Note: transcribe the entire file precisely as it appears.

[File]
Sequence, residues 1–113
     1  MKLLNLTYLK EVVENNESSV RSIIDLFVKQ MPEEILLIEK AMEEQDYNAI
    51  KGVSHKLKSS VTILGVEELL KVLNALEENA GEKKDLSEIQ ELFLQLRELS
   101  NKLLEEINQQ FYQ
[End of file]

Sequence, residues 1–113
     1  MKLLNLTYLK EVVENNESSV RSIIDLFVKQ MPEEILLIEK AMEEQDYNAI
    51  KGVSHKLKSS VTILGVEELL KVLNALEENA GEKKDLSEIQ ELFLQLRELS
   101  NKLLEEINQQ FYQ